Looking closer at our results during the fourth quarter, we delivered adjusted contract drilling revenues of $671 million and an average day rate of $352,000. This is consistent with our guidance and reflects strong revenue generation across the fleet that offset downtime for an operational event previously discussed. Operating and maintenance expense for the fourth quarter was $430 million. This is above our guidance primarily due to the identification of certain excess materials and supplies that resulted in a $28 million non-cash charge in the period.

Turning to cash flow and balance sheet. We ended the fourth quarter with total liquidity of approximately $2.7 million, including unrestricted cash and cash equivalents of approximately $975 million approximately $370 million of restricted cash for debt service, and $1.3 billion from our undrawn revolving credit facility.

Let me now provide an update on our expectations for the first quarter and full-year financial performance. Before we get to the guidance, let me address the omnipresent inflation concerns. We are seeing pressure on costs as follows. Both offshore and onshore labor costs have increased. Some of it is a result of our annual collective bargaining negotiations whilst in non-unionized countries, we have provided compensation increases for the first time since the downtime — downturn started in 2014. The cost of materials and supplies are also increasing but at manageable rates. Logistics costs in the country are lower in 2022 than we experienced in the second and third quarter of 2021. Most importantly, our long-term contracts provide us with the opportunity to recover most of these costs from our customers and with new contracts with day rates rising, we could offset the inflationary impacts. And finally, all increased costs were included in our forecast.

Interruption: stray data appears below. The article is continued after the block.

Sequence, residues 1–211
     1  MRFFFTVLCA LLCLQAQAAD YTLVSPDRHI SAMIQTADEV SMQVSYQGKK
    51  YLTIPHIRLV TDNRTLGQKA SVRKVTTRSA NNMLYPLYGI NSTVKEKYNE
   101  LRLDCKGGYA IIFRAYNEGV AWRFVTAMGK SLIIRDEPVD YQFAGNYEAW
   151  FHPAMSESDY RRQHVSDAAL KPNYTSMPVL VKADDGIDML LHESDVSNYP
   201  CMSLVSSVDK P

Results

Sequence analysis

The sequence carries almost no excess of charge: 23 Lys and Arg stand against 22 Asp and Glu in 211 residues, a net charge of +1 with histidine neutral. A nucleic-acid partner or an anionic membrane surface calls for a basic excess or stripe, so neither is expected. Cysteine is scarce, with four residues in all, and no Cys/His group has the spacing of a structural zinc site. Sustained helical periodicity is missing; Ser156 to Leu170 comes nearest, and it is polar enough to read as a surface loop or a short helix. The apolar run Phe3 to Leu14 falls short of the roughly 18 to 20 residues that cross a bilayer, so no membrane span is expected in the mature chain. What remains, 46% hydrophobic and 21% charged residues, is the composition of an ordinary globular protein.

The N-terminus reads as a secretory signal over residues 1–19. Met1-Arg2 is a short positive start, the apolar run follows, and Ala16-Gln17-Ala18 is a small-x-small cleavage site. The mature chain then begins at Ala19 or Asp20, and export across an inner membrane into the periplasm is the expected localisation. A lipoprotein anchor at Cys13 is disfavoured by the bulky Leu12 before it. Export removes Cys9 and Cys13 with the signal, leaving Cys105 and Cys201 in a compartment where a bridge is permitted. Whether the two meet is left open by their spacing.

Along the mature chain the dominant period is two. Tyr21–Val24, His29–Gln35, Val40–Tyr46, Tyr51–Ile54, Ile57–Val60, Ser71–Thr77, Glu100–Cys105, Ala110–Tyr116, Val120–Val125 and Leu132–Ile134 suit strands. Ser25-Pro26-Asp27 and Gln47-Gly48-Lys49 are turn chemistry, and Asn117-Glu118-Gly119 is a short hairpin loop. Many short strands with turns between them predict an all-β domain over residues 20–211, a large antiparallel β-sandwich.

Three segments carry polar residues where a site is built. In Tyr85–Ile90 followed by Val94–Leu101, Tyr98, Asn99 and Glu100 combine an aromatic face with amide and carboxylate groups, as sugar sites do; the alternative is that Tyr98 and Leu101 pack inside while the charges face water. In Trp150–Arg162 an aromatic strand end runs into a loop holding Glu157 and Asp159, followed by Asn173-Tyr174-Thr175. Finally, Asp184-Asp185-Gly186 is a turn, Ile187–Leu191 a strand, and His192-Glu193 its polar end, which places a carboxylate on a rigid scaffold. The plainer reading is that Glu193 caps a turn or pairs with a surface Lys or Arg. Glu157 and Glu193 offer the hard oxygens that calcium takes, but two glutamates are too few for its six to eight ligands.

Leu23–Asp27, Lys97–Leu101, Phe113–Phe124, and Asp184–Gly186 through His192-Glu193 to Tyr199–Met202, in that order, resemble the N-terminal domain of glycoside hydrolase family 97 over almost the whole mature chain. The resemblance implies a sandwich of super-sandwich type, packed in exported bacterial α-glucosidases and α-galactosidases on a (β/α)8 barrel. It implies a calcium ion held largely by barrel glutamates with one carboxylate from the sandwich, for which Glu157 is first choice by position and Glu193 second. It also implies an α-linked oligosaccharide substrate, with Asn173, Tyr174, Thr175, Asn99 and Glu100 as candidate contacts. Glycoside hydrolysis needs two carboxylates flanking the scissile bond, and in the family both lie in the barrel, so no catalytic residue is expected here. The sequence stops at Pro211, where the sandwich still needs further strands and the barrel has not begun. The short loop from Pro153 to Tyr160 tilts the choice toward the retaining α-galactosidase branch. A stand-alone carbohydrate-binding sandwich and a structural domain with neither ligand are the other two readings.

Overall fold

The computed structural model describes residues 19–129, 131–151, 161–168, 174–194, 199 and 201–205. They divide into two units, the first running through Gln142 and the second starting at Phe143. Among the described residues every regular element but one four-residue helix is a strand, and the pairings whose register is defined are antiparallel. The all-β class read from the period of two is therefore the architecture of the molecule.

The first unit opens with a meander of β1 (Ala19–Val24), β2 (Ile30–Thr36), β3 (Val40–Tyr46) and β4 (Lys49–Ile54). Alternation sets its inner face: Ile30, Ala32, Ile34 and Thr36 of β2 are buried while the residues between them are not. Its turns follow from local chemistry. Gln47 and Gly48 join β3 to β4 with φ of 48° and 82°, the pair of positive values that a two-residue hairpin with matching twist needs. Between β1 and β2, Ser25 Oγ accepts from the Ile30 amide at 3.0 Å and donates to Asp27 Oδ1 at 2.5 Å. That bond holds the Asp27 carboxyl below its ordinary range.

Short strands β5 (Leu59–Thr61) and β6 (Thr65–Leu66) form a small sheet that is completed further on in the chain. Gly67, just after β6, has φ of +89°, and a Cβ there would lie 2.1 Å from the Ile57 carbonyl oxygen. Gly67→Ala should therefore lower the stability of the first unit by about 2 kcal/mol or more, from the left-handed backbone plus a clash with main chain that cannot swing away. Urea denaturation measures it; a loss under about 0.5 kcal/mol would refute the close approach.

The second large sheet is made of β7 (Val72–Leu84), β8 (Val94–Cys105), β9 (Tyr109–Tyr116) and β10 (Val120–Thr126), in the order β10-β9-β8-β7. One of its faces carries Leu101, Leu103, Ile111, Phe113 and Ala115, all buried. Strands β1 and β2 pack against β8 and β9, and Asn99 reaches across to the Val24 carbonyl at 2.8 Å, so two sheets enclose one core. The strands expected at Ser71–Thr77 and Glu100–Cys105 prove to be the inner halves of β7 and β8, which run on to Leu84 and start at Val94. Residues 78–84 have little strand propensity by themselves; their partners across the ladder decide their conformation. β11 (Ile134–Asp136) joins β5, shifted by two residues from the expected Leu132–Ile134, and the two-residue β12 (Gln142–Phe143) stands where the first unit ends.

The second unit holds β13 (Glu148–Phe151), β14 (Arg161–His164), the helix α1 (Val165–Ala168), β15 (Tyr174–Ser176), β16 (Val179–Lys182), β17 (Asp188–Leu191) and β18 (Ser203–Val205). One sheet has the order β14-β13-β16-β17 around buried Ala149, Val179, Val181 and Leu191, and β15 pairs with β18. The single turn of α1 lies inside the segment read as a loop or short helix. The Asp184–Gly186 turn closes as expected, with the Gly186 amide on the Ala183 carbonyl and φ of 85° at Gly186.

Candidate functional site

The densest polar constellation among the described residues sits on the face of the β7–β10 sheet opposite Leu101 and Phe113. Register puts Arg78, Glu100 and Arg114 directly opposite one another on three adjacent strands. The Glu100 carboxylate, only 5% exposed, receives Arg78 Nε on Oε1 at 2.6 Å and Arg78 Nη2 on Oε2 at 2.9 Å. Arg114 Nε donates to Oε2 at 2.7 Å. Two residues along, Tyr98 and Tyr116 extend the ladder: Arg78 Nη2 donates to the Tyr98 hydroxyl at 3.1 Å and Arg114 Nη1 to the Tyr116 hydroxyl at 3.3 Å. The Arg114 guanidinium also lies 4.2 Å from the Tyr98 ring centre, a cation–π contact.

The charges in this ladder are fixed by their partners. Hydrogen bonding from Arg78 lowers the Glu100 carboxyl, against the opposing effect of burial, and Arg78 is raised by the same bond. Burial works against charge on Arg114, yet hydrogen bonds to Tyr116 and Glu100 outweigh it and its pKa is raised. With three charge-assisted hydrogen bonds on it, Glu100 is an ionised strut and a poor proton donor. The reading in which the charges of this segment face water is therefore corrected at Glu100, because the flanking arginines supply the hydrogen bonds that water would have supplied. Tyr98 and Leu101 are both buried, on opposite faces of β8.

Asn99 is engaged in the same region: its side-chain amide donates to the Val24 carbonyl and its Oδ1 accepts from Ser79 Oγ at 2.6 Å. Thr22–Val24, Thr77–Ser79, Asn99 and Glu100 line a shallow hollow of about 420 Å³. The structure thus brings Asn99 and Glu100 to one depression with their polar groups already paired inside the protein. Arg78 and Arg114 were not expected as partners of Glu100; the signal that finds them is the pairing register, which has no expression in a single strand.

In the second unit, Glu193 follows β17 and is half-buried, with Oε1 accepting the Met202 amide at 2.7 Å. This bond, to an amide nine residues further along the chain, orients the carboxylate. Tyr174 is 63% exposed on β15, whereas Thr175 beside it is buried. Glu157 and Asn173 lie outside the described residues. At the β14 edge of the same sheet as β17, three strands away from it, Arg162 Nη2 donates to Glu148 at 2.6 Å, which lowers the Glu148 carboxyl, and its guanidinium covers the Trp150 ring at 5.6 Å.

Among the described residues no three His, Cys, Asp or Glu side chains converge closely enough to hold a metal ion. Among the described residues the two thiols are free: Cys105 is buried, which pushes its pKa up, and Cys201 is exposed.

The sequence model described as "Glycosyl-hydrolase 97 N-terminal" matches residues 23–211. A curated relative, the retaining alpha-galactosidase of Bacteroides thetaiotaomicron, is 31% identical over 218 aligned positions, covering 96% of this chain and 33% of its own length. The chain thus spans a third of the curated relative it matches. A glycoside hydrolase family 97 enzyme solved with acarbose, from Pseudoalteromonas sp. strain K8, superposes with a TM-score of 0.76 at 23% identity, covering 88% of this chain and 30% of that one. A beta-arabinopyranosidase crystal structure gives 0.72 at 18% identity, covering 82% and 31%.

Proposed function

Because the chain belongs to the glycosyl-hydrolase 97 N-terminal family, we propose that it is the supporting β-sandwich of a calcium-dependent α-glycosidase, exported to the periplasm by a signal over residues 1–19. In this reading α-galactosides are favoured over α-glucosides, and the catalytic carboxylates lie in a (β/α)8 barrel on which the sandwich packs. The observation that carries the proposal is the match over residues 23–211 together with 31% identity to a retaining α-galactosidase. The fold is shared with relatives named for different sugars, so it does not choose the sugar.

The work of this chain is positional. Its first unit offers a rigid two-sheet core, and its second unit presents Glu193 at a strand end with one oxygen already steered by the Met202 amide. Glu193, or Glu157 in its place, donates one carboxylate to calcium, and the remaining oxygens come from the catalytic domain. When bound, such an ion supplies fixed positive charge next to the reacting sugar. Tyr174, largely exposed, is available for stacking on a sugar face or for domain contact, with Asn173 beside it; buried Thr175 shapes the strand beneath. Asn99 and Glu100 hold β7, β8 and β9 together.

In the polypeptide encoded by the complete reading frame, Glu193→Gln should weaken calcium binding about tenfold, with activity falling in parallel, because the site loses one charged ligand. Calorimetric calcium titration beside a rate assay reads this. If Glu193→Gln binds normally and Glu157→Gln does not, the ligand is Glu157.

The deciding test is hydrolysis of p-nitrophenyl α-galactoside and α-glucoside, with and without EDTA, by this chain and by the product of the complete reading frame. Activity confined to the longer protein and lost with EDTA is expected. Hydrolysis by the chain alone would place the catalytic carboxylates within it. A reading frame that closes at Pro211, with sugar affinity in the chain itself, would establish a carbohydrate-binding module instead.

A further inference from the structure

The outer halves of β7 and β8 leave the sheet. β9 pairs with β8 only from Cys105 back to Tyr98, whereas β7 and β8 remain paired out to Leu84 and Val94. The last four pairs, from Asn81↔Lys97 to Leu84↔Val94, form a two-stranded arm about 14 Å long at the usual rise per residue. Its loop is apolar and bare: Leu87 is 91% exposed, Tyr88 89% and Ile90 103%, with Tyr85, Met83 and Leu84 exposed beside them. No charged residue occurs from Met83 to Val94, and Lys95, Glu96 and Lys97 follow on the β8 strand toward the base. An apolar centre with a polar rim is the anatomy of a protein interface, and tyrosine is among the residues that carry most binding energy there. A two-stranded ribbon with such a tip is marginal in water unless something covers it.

For the first quarter of 2022, we expect adjusted contract drilling revenue of approximately $600 million based upon an average fleet-wide revenue efficiency of 96.5%. This is lower than the fourth quarter of 2021 largely due to the day rate decrease from the Deepwater Skyros and Deepwater Conqueror rolling off their legacy high day rate contracts coupled with low activity on the Development Driller III, the Nautilus, and the Paul B. Loyd Jr. in the first quarter of 2022. There is some offset from increased activity on the Transocean Barents, Transocean Norge, and Discoverer Inspiration.

For the full year, we are anticipating adjusted revenue to be approximately $2.7 billion also based on 96.5% revenue efficiency. We expect the first quarter O&M expense to be approximately $425 million. The slight quarter-over-quarter decrease is attributable to the non-cash materials and supplies charge taken in the fourth quarter, partially offset by the increased activity on the Barents, Norge, and Inspiration in the first quarter. For the full year, we are anticipating O&M expense to be approximately $1.7 billion.